It's so expensive!
And prohibited by Dublin City Council to be used on protected structures

You need an experienced architect or technician to see the building
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15-07-2009, 12:25   #7
elaine m
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Okay, thanks. If anyone can PM me any suggestions, I would be grateful.
Or any other suggestions?
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15-07-2009, 12:33   #8
sinnerboy
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Contact RIAI

http://www.riai.ie/
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16-07-2009, 12:37   #9
elaine m
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Thanks for that Sinnerboy
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26-08-2009, 00:35   #10
JA1
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Quote:
Originally Posted by elaine m View Post
hi there
One of the walls is a divididn stud, between the hall and living room...that is just sucking the moisture from the outside wall, which is solid. will try the tapping. the damp company have proposed the following

Strip plasterwork up to 1.5m on walls as detailed above or higher where indicated on-site. – See quotation.

Drill and pressure inject a horizontal chemical damp proof course to BS 6576/85. A vertical DPC shall be installed at boundary wall junctions. - See quotation.

Scud and 1st render coat of cement and sand incorporation re-rendering additive to our specification. - See quotation.

Tank wall surfaces up to 1.5m above finished floor level in two coats Thoroseal Tanking agent. – See quotation.

Scud and apply 2nd render coat in sand and cement incorporating re-rendering additive to our specification. - See quotation.

To apply thermal board dry lining to the front wall and remove and repair plasterboard of the stud wall to the hallway internal wall. - See quotation.

Note:- Render to our specification. Do not use bonding plaster under any circumstances.

EXTERNAL PENETRATION.
Works to external surfaces should include:- To be carried out by others

Reduce external level to at least 150mm below floor level where possible.






DRY ROT / WET ROT TREATMENT:
Preliminary Works:- To be carried out by others.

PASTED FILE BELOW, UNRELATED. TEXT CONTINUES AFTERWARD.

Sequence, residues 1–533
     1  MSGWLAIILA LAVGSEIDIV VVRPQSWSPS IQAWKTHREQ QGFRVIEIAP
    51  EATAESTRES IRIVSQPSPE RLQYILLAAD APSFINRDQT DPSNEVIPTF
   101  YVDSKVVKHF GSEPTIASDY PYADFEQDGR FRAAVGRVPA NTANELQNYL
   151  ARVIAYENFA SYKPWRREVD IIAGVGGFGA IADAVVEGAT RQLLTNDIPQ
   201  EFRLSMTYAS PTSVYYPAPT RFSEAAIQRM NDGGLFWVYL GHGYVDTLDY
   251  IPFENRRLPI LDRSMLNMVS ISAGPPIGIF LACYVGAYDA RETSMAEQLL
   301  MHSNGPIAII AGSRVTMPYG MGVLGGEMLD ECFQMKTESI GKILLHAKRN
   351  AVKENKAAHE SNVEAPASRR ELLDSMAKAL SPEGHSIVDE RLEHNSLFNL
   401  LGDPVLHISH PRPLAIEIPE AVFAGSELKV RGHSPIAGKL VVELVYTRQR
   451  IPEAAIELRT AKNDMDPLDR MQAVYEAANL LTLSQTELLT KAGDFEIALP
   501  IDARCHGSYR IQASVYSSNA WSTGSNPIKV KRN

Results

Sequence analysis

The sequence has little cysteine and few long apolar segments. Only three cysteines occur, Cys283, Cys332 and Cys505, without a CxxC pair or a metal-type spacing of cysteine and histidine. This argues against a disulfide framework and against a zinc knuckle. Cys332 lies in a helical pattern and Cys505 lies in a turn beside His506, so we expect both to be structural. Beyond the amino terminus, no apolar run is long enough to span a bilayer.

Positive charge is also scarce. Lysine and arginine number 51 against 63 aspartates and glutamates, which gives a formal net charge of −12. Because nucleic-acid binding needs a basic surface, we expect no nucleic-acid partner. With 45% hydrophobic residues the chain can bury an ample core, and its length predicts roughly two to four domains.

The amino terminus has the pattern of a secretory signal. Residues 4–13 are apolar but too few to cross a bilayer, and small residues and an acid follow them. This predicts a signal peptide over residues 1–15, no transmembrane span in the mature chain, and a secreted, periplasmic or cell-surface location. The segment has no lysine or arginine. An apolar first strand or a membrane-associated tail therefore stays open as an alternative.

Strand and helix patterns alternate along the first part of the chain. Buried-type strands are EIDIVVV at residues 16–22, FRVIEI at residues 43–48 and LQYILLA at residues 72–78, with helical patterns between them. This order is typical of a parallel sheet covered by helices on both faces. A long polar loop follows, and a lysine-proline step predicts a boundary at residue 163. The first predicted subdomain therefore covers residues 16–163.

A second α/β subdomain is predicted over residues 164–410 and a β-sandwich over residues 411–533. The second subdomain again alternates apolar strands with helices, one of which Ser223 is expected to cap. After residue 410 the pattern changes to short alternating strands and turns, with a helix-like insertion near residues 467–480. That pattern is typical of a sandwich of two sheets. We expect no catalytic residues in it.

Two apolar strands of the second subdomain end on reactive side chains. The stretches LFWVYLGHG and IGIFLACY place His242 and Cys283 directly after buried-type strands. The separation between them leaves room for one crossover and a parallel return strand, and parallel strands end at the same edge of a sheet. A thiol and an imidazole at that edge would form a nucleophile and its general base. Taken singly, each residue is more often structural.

Initially we would recommend a course of opening up works be
undertaken. This should include the exposing of heads, lintols,
joist ends, wall plates and plugs etc. We will re inspect on completion
of these opening up works.

...what ya think?

It's so expensive!
Hi Elainem,
I have been trawling the web as I supposedly have a "rising damp" problem in my house as well. I came across your post and quote from company which I assume is <SNIP> because the quotation/recommendation I got is pretty much word for word what you were given!!
Makes me very suspicious that this a template and stock answer/quote given!

It may be worth getting an independent surveyor with no damp proofing connections to give his/her opinion before spending the amount you were quoted.

JA1

Last edited by Poor Uncle Tom; 17-07-2010 at 16:49. Reason: Removing Company Name
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26-08-2009, 01:11   #11
mickdw
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I dont like the idea of some of the remedies they have suggested. Fair enough injecting a dpc with stop rising damp however you may not have rising damp and if that is the case, it is money wasted.
The quote also mentions tanking the walls to 1.5m. Given that these walls need to breath, I wouldnt agree with this. This would cover the existing problem but if the moisture is in the wall, it will most likely come out at a higher level so in effect this proceedure would be just moving the problem along.
IMO, you can either try to preserve the original structure and allow it to work as intended by allowing it to breath etc. This would mean allowing a certain amount of moisture into the wall structure but the thickness and construction material should allow the interior to remain damp free. Alternatively you can go about dry lining the complete internals but again great care would be needed as this can trap moisture too leading to further problems. Some of the rising damp companies are clown and will just sell their products to anyone.

I would suggest that you get an architect with specific experience in this area. I would further suggest that you would look towards all other possibilities of damp penetration before considering the rising damp cause.
What is the outer finish on the building, has it been changed perhaps from a stone finish to a more modern (wrong) plaster finish,
Are there open cracks in the structure or pointing missing from stonework?
Any other defects from what would have been original condition,
Path/ground levels too high outside?